In An Urchin in the Storm: Essays about Books and Ideas (1987, 2010), 181.
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Science is an integral part of culture. It’s not this foreign thing, done by an arcane priesthood. It’s one of the glories of the human intellectual tradition.
— Stephen Jay Gould
Independent (London, Jan. 24, 1990).
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Science is often regarded as the most objective and truth-directed of human enterprises, and since direct observation is supposed to be the favored route to factuality, many people equate respectable science with visual scrutiny–just the facts ma’am, and palpably before my eyes. But science is a battery of observational and inferential methods, all directed to the testing of propositions that can, in principle, be definitely proven false ... At all scales, from smallest to largest, quickest to slowest, many well-documented conclusions of science lie beyond the strictly limited domain of direct observation. No one has ever seen an electron or a black hole, the events of a picosecond or a geological eon.
— Stephen Jay Gould
…...
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Science is, and must be, culturally embedded; what else could the product of human passion be?... Culture is not the enemy of objectivity but a matrix that can either aid or retard advancing knowledge.
— Stephen Jay Gould
…...
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Science simply cannot adjudicate the issue of God’s possible superintendence of nature.
— Stephen Jay Gould
In ‘Impeaching a Self-Appointed Judge’, Scientific American (Jul 1992), 119. Cited in Gerald L. Schroeder The Science of God: The Convergence of Scientific and Biblical Wisdom (2009), 18 & 220.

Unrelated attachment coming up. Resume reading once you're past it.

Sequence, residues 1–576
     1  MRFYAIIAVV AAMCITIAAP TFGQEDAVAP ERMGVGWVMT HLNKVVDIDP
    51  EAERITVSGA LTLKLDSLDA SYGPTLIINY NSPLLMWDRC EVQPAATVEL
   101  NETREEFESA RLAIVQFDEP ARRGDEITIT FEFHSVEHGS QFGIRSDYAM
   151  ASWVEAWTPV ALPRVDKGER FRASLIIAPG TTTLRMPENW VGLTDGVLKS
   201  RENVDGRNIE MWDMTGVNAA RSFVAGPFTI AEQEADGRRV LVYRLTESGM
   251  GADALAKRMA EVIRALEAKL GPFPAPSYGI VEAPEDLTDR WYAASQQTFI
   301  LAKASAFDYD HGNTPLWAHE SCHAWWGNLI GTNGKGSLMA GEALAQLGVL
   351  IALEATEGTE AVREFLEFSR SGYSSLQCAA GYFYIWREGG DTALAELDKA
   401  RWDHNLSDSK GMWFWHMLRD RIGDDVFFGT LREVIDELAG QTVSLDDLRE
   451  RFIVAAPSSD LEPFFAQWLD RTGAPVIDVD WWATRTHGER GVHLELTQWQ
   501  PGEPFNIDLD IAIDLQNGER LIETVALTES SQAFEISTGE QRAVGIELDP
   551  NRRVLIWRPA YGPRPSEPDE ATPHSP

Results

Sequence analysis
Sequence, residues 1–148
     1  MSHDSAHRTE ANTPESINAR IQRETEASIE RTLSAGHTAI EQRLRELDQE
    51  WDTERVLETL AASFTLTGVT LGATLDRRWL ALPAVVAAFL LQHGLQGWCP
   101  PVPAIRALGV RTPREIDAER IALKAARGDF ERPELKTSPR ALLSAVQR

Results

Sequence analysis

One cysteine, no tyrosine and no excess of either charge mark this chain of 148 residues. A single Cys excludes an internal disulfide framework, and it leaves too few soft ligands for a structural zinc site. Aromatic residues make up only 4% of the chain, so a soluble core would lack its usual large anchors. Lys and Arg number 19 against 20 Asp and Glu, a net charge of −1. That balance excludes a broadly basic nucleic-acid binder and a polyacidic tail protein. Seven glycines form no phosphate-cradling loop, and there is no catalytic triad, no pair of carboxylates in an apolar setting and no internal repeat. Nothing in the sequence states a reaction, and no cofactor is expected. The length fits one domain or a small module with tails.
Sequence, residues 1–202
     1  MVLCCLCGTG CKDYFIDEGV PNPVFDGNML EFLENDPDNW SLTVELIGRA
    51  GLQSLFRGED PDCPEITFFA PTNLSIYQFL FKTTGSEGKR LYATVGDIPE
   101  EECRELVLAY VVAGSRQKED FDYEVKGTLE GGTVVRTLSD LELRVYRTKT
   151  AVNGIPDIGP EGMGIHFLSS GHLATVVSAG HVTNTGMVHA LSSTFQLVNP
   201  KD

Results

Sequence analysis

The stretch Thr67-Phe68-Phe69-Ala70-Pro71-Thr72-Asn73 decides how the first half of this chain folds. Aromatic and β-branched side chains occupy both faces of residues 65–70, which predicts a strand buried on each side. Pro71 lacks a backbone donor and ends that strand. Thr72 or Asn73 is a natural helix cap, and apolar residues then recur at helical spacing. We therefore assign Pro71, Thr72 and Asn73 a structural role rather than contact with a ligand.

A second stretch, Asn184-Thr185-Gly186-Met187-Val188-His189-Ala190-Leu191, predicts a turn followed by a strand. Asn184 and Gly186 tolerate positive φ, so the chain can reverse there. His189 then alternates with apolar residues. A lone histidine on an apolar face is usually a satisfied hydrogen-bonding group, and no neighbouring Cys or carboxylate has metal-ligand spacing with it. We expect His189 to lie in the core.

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Taxonomy (the science of classification) is often undervalued as a glorified form of filing—with each species in its folder, like a stamp in its prescribed place in an album; but taxonomy is a fundamental and dynamic science, dedicated to exploring the causes of relationships and similarities among organisms. Classifications are theories about the basis of natural order, not dull catalogues compiled only to avoid chaos.
— Stephen Jay Gould
Wonderful Life (1989), 98.
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Taxonomy is often regarded as the dullest of subjects, fit only for mindless ordering and sometimes denigrated within science as mere “stamp collecting” (a designation that this former philatelist deeply resents). If systems of classification were neutral hat racks for hanging the facts of the world, this disdain might be justified. But classifications both reflect and direct our thinking. The way we order represents the way we think. Historical changes in classification are the fossilized indicators of conceptual revolutions.
— Stephen Jay Gould
In Hen’s Teeth and Horse’s Toes: Further Reflections in Natural History (1983, 2010), 72
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The only universal attribute of scientific statements resides in their potential fallibility. If a claim cannot be disproven, it does not belong to the enterprise of science.
— Stephen Jay Gould
Leonardo's Mountain of Clams and the Diet of Worms: Essays on Natural History (1998), 155.
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The progress of science requires more than new data; it needs novel frameworks and contexts. And where do these fundamentally new views of the world arise? They are not simply discovered by pure observation; they require new modes of thought. And where can we find them, if old modes do not even include the right metaphors? The nature of true genius must lie in the elusive capacity to construct these new modes from apparent darkness. The basic chanciness and unpredictability of science must also reside in the inherent difficulty of such a task.